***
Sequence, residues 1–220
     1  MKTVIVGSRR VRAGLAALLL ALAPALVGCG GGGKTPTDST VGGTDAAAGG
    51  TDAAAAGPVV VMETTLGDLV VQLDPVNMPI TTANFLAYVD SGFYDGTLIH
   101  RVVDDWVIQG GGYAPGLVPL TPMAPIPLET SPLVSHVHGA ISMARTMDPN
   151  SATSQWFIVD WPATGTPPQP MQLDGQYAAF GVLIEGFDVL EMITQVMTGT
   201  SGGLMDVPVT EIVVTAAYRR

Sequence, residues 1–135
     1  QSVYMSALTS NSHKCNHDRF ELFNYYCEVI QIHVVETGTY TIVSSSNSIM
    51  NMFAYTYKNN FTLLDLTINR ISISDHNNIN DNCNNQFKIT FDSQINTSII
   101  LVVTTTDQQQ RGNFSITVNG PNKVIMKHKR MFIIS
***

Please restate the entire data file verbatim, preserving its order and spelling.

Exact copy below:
Sequence, residues 1–220
     1  MKTVIVGSRR VRAGLAALLL ALAPALVGCG GGGKTPTDST VGGTDAAAGG
    51  TDAAAAGPVV VMETTLGDLV VQLDPVNMPI TTANFLAYVD SGFYDGTLIH
   101  RVVDDWVIQG GGYAPGLVPL TPMAPIPLET SPLVSHVHGA ISMARTMDPN
   151  SATSQWFIVD WPATGTPPQP MQLDGQYAAF GVLIEGFDVL EMITQVMTGT
   201  SGGLMDVPVT EIVVTAAYRR

Sequence, residues 1–135
     1  QSVYMSALTS NSHKCNHDRF ELFNYYCEVI QIHVVETGTY TIVSSSNSIM
    51  NMFAYTYKNN FTLLDLTINR ISISDHNNIN DNCNNQFKIT FDSQINTSII
   101  LVVTTTDQQQ RGNFSITVNG PNKVIMKHKR MFIIS